law in several respects. Once a prosecutor has given a race-neutral reason for striking a par-
ticular juror, Florida judges must assess whether the reason is “genuine” by considering fac-
tors such as whether (1) the prosecutor actually questioned the excluded juror; (2) the juror
was singled out during voir dire or manipulated into providing answers that would tend to dis-
qualify him from jury service; (3) the prosecutor’s reason for the strike was related to the facts
of the case, and (4) other jurors gave similar answers but were not struck. Under Florida law,
the prosecutor’s reason for the strike must be supported by the record, which makes it much
harder for the prosecutor to manufacture explanations after the fact.108 Florida’s rule stands
in stark contrast with states like Tennessee where prosecutors are allowed to rely on reasons
that are not supported by the record.

       Florida’s protections effectively discourage overt discrimination in jury selection, but
the state is far from perfect. In recent years, Florida courts in a fair number of cases have failed
to recognize shocking examples of racial discrimination in jury selection.109 Relative to its
Southern neighbors, though, Florida’s state law framework creates a much better environ-
ment for remedying racial discrimination in jury selection.


       Historically, Louisiana has not been particularly receptive to jury discrimination claims.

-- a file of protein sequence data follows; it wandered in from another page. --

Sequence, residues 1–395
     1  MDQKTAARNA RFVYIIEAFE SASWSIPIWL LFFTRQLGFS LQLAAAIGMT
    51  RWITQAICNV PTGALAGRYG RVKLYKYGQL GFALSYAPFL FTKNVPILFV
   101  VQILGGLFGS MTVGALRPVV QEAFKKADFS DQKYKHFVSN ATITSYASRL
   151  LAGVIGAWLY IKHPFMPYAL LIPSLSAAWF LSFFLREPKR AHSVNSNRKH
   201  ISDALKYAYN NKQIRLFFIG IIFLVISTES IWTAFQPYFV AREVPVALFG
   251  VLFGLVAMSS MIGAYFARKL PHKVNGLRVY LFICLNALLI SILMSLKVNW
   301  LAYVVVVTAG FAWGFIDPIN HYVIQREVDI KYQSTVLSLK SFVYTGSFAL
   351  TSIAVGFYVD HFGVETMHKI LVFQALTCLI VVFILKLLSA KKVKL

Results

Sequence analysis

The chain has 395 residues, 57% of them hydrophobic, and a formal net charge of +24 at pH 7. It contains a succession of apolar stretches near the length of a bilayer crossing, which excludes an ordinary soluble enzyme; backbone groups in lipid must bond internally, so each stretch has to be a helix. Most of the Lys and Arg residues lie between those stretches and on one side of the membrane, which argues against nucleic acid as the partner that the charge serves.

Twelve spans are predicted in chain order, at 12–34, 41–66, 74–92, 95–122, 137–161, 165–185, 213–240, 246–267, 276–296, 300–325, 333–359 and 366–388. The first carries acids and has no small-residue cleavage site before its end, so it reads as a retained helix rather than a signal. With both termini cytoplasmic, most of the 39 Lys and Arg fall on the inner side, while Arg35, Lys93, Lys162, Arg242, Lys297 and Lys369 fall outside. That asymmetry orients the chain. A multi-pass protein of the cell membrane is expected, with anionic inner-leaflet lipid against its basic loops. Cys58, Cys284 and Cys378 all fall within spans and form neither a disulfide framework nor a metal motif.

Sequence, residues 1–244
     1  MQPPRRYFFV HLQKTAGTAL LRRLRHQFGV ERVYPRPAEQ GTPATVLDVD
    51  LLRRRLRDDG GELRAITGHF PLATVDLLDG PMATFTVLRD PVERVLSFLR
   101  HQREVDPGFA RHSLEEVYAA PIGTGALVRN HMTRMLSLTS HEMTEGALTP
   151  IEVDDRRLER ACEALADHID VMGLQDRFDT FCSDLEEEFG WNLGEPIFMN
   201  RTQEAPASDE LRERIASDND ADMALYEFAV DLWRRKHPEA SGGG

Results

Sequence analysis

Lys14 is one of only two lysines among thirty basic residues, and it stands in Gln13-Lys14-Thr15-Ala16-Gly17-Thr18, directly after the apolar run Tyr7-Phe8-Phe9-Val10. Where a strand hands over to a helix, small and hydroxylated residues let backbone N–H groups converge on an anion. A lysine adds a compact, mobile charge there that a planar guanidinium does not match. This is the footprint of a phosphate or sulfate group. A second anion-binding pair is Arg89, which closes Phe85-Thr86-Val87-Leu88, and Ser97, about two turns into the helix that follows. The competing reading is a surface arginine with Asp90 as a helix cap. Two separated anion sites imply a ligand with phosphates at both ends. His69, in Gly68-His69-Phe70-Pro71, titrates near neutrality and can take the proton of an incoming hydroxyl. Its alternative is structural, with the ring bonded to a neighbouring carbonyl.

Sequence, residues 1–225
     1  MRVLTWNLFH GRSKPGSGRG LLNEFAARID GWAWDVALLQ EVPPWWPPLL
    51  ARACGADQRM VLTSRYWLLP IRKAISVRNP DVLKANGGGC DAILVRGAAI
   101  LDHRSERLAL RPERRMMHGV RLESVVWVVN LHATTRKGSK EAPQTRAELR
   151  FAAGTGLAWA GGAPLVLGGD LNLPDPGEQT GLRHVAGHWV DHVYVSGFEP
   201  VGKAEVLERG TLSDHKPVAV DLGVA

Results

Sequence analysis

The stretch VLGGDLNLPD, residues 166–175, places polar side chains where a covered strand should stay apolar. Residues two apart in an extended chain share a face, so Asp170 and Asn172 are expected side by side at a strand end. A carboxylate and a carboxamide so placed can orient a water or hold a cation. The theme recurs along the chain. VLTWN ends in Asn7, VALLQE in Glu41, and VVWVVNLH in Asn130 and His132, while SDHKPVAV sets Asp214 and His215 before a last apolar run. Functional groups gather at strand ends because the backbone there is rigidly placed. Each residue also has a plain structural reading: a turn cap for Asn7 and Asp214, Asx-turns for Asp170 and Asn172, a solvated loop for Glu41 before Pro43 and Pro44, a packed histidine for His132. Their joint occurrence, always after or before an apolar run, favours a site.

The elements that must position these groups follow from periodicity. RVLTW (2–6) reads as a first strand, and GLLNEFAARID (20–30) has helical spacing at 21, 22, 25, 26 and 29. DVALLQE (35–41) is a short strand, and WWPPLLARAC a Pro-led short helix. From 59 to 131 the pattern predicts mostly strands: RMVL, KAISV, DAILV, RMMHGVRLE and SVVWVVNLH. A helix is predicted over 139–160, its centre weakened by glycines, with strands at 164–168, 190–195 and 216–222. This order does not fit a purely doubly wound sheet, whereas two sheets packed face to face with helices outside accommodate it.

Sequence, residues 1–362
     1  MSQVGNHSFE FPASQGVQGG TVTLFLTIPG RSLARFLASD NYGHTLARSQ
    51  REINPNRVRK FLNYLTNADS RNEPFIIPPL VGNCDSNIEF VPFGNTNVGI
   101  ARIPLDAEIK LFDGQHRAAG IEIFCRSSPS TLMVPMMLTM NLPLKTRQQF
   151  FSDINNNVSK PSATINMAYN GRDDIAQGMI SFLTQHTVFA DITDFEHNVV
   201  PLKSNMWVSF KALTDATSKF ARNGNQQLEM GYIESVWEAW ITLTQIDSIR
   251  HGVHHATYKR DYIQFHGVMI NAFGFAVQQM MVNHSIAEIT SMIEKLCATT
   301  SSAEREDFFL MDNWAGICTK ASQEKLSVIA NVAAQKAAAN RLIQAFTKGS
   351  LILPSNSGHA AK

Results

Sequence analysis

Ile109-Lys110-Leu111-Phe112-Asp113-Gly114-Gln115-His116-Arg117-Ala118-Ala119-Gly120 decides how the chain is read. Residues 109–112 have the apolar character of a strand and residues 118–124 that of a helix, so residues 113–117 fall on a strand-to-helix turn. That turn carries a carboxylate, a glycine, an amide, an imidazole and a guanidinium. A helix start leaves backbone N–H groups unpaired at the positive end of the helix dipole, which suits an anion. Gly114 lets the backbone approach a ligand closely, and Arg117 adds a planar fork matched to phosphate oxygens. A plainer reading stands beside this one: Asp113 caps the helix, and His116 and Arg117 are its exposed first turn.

A recent United States Supreme Court decision criticizing the state courts’ failure to carefully

scrutinize a prosecutor’s exclusion of African-American jurors highlighted the problems of
racially biased jury selection there. In 2008, the Court decided Snyder v. Louisiana, in which a
black college student was excluded from jury service along with all other African Americans in
the venire.110 The Court found the prosecutor’s asserted reason for striking the student – he
“looked nervous” and was concerned the trial might interfere with his student teaching obli-
gations – was a pretext for discrimination, and it implicitly recognized that Louisiana courts
failed to appropriately scrutinize the prosecutor’s explanation.111 Since Snyder, the Louisiana
Supreme Court has reversed a case after finding racial bias in jury selection.112 However, that
court also reinstated a conviction after an intermediate court had found illegal discrimination
in jury selection.113 While there are signs that courts in Louisiana have become slightly more at-
tentive to discrimination claims since Snyder, a great deal of work clearly is needed to effec-
tively deter and eliminate racially biased jury selection in this state.


        The Mississippi Supreme Court has rec- In      2007, the Mississippi